Humano Morphs

Review: Four Scares in One

From: http://www.reviewstream.com/reviews/?p=57275

Shivers was a series of books written by the writer M.D. Spencer. In fact, I think they came out around the same time that the other series of books, Goosebumps, which were written by the writer R.L. Stine came out in the nineties. When I read a few books from the Shivers series, I noticed that the writing style and techniques were similar to the Goosebumps books. However, what I found to be the difference between the two was that while I found that I could easily outgrow the Goosebumps novels, it was harder with the Shivers novels. In other words, while M.D. Spencer obviously wrote the Shivers novels for children, I had no problem reading and enjoying the books when approaching adulthood. On the other hand, it was different for Goosebumps. I find myself unable to pick up a Goosebumps novel and enjoy it now, as only the writing style alone seems too immature for me to follow.

One of the first Shivers books that was bought for me was “Shivers: Four Scares in One Volume One”. I was about ten years old, and did not expect to enjoy what seemed like at the time, an imitation brand of Goosebumps. However, I quickly realized how wrong I was when I began reading it, as I had found it much more enjoyable than many Goosebumps books I had read.

The book is a collection of four Shivers novels. They are “The Enchanted Attic”, “A Ghastly Shade of Green”, “The Locked Room” and “The Awful Apple Orchard”.

In “The Enchanted Attic” an eleven year old girl named Nicole and her family moved from their house in Virginia to a new one in Boston Massachusetts, because her father had gotten a better job there. However, at nights when she lies in bed in her old room she hears strange noises coming from the attic. At first she blames it on her paranoia and fear of being in a new house, but later on in the novel she discovers that the sound is actually coming from evil enchanted dolls in her attic. The plot in this one might seem a little silly to many people. However, I still enjoyed it a few years ago when I read it.

The second novel contained in the collection is “A Ghastly Shade of Green”. Unlike the title suggests the plot is neither about little green men, green monsters, green ooze or any other cliché and immature terrors that might be associated with the color green. Instead I found the novel to be a little like the recent horror movie “The Ruins”. This is because like in the movie, the plants were trying to kill the characters and take over.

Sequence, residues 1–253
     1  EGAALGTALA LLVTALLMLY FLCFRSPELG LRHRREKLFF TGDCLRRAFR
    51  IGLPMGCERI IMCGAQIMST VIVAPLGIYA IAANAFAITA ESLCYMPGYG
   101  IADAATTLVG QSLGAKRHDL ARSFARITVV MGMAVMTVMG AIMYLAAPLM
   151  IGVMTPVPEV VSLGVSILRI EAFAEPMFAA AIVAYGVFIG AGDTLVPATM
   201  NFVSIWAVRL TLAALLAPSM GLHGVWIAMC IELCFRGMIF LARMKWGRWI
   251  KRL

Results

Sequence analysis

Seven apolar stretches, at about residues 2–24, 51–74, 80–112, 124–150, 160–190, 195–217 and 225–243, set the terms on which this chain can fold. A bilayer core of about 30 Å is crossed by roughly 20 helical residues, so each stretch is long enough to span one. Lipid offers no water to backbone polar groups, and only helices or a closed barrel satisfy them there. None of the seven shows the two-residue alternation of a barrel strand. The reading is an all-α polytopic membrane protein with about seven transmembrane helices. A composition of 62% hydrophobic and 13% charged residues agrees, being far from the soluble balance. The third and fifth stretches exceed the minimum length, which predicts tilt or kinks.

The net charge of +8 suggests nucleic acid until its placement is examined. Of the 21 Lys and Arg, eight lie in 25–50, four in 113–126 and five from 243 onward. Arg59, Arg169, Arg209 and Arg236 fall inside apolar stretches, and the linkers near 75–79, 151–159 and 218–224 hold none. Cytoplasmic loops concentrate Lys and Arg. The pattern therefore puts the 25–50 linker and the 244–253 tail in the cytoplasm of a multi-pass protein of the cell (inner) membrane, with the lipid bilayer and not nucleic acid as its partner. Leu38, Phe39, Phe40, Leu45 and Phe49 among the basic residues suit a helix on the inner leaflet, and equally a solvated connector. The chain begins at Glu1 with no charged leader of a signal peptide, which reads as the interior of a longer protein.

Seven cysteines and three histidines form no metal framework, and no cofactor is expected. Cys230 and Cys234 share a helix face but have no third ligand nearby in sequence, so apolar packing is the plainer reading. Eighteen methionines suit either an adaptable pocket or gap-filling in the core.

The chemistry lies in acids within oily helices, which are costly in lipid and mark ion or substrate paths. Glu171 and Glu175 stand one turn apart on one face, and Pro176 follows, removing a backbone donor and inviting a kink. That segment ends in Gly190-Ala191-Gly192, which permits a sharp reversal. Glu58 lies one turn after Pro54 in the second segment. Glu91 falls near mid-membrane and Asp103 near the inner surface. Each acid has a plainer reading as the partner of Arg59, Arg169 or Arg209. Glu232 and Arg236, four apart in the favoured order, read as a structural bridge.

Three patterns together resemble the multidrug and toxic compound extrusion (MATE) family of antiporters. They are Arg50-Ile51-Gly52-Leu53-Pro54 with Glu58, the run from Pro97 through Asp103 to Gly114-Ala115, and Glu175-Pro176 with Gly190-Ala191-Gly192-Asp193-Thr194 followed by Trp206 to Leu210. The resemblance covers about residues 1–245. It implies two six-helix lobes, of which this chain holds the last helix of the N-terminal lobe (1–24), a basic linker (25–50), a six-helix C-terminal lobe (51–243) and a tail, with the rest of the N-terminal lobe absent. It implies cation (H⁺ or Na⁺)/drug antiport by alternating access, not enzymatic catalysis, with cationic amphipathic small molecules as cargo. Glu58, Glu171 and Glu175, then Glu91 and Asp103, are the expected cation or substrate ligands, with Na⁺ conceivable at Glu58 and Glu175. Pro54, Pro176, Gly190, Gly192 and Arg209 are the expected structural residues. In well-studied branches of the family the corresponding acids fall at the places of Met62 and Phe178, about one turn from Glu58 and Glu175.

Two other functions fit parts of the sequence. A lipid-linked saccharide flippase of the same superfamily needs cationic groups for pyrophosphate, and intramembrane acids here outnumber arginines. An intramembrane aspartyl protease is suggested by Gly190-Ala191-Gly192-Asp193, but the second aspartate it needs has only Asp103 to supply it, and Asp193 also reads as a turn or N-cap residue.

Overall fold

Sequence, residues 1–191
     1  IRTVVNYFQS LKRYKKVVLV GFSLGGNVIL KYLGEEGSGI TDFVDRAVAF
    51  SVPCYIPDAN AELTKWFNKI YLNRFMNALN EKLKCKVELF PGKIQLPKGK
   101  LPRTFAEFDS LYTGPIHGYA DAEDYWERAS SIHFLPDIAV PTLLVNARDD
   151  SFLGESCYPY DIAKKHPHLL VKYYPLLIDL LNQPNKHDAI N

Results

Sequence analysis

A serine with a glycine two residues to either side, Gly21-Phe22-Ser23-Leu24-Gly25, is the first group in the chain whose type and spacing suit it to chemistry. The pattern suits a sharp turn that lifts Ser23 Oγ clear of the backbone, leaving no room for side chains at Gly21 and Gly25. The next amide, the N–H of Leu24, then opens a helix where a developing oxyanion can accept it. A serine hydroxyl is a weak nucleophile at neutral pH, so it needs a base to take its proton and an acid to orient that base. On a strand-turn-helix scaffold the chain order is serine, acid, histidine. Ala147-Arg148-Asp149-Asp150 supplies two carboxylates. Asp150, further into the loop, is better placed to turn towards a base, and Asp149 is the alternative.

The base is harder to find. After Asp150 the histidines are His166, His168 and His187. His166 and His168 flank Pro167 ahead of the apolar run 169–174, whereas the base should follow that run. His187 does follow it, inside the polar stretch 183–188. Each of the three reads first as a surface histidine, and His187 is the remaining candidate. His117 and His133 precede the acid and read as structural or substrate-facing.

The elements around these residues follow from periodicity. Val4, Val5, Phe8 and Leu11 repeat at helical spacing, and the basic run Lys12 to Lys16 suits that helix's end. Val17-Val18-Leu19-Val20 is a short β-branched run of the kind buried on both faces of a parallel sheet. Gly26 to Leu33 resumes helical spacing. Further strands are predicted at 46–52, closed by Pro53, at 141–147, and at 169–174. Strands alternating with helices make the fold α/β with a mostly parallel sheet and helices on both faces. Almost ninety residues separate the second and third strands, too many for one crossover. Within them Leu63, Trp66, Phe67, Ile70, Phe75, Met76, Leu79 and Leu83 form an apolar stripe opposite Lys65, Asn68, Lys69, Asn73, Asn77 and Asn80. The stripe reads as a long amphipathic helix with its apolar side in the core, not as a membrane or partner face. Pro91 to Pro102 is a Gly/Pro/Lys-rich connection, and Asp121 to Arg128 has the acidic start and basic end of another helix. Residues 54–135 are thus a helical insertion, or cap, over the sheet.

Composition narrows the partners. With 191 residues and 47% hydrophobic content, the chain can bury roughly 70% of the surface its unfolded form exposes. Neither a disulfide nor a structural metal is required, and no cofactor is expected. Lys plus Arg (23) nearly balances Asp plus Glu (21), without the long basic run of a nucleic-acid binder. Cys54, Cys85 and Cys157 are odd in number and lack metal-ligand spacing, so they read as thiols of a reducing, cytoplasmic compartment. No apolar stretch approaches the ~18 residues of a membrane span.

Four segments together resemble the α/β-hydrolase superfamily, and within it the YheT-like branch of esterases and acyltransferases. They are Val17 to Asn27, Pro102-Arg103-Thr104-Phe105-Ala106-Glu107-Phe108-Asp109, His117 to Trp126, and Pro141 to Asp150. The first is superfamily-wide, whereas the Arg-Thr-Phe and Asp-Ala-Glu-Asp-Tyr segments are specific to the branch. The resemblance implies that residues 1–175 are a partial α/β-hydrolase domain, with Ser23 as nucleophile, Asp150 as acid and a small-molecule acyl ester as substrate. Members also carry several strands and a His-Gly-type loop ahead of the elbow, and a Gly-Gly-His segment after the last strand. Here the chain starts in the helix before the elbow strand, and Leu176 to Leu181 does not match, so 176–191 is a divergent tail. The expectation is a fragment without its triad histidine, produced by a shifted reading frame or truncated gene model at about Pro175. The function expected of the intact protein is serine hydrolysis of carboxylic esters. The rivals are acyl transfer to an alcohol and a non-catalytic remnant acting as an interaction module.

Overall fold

The novel is about a young boy Jason who spends his well looked forward to summer vacation with his mother, pet beagle and little brother in marshlands because of his mother’s love for nature and her research on plant life. However, later on Jason finds out that there is something wrong with the area, and that the plants are trying to seek revenge on him, his family and other human beings.

The third novel in the collection is “The Locked Room”. This one also is about a young girl Brittany and her family who moves to a new house. The new house is much bigger and older than the other one that she and her family lived in. In this story though, she and her younger brother find a locked room which hold the house’s secrets and ghosts. They also find a family graveyard not too far from the house. In a sense, the plot of this novel reminded me of a certain Goosebumps episode I had watched not too long ago on Cartoon Network with a similar plot.

The fourth and last novel in the collection was “The Awful Apple Orchard”. I thought that this novel might have been the best Shivers novel I had ever read. Once again, the plot revolves around children on their summer vacation. However, this time, the children Daniel and Sara discover that a certain old cider mill near to the cabin that they would be staying at is haunted. I can remember reading the novel again a few years ago and actually being scared a little by the story. I thought it was written much better than many adult novels I had read.

I would recommend this book to both former and present Goosebumps fans. I think the writing skills and techniques in this book is much more advanced. The fact that it is more developed also makes it able for people in a wider range of ages to enjoy. I think if the Shivers novels were promoted better in the nineties when they were published, they might have had a bigger readership.